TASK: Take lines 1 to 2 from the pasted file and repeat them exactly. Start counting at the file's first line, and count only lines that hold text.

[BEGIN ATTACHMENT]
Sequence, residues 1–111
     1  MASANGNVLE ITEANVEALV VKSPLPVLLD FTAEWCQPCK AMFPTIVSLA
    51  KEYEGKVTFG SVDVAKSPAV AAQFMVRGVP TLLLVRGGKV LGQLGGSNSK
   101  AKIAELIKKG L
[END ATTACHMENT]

Sequence, residues 1–111
     1  MASANGNVLE ITEANVEALV VKSPLPVLLD FTAEWCQPCK AMFPTIVSLA